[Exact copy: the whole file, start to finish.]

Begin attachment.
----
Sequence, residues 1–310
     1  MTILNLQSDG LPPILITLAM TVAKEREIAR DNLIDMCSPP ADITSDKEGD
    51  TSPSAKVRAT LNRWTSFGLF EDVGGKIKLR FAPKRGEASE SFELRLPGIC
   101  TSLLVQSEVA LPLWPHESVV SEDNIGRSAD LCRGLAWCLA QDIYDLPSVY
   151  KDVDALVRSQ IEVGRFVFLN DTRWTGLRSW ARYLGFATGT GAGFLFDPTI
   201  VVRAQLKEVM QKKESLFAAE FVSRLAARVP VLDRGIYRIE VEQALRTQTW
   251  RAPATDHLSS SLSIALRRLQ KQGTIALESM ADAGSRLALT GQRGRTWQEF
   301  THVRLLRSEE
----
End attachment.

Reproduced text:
Sequence, residues 1–310
     1  MTILNLQSDG LPPILITLAM TVAKEREIAR DNLIDMCSPP ADITSDKEGD
    51  TSPSAKVRAT LNRWTSFGLF EDVGGKIKLR FAPKRGEASE SFELRLPGIC
   101  TSLLVQSEVA LPLWPHESVV SEDNIGRSAD LCRGLAWCLA QDIYDLPSVY
   151  KDVDALVRSQ IEVGRFVFLN DTRWTGLRSW ARYLGFATGT GAGFLFDPTI
   201  VVRAQLKEVM QKKESLFAAE FVSRLAARVP VLDRGIYRIE VEQALRTQTW
   251  RAPATDHLSS SLSIALRRLQ KQGTIALESM ADAGSRLALT GQRGRTWQEF
   301  THVRLLRSEE